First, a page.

Despite the tumor-shrinking medical miracle that has bought her a few years, Hazel has never been anything but terminal, her final chapter inscribed upon diagnosis. But when a gorgeous plot twist named Augustus Waters suddenly appears at Cancer Kid Support Group, Hazel’s story is about to be completely rewritten.
Insightful, bold, irreverent, and raw, The Fault in Our Stars is award-winning author John Green’s most ambitious and heartbreaking work yet, brilliantly exploring the funny, thrilling, and tragic business of being alive and in love.
First line: Late in the winter of my seventeenth year, my mother decided I was depressed, presumably because I rarely left the house, spent quite a lot of time in bed, read the same book over and over, ate infrequently, and devoted quite a bit of my abundant free time thinking about death.
Title: The Fault In Our Stars
My edition: I have a paperback edition with 318 pages from Penguin Books.
Genres: Young Adult, Contemporary, Fiction, Romance, Realistic Fiction, Teen, Death, Coming of Age, Drama, Love
I can’t even remember when I bought the book, because its such a long time ago. Then I’ve been putting off reading it. And since I’m sworn to always read the book before seeing the movie, I’ve been putting off seing the movie. I don’t know why it was time to finally read it right now, but it was time indeed.
The plot of this book is perfect. Not only is this a book about a young girl and a young boyhaving to deal with cancer and all it does to your life, but it’s also about two people finding each other in a world where they’re the odd ones and no one can relate to what it feels to be you. Because of that I think a lot of people can relate to the book even though they’re not exactly in the same situation. It’s also a perfect plot for a young adult contemporary novel.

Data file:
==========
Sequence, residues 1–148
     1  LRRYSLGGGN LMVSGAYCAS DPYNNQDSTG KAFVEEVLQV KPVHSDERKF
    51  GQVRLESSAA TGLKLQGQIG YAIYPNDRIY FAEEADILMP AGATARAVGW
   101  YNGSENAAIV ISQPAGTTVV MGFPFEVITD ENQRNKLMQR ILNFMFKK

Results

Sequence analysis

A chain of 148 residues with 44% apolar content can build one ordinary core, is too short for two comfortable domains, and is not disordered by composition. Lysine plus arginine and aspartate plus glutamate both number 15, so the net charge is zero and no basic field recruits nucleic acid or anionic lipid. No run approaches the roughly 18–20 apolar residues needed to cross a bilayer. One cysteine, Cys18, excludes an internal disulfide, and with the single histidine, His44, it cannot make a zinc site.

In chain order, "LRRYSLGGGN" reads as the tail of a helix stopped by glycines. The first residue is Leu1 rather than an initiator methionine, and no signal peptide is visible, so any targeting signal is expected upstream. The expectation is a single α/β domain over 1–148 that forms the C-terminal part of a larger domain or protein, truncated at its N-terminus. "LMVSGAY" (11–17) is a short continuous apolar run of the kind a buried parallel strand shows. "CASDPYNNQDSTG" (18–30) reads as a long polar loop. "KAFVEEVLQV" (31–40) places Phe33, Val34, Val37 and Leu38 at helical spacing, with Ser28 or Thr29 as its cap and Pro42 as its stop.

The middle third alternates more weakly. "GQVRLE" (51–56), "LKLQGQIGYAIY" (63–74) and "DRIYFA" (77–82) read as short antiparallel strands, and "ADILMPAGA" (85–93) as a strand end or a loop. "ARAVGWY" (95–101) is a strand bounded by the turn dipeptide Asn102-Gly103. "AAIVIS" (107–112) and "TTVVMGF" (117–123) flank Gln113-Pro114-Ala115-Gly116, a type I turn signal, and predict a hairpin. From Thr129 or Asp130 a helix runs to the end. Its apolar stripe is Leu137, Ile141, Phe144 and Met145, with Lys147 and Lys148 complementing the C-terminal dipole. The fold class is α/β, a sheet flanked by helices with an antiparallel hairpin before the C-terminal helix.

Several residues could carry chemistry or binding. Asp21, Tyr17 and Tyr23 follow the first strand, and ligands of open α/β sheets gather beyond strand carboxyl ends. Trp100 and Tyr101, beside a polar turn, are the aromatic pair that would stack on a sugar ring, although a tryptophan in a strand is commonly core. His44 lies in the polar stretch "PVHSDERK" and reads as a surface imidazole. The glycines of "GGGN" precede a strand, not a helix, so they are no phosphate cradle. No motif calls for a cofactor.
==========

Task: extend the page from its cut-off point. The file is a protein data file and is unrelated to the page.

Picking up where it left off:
These are the two reasons to why the plot of the book is amazing. I experienced it as a raw and in no way sugar coated version of dealing with cancer. Of dealing with death and counting your days, knowing for sure it won’t be as many of them as you’d hoped. Of having to live with that and still live life to the fullest. Or trying to at least. And it tells how many people cancer actually attacks. How it is like to be on the sideline, being the one without cancer having to stand by and watch, knowing there’s really nothing you can do about it.
Man, cancer sucks.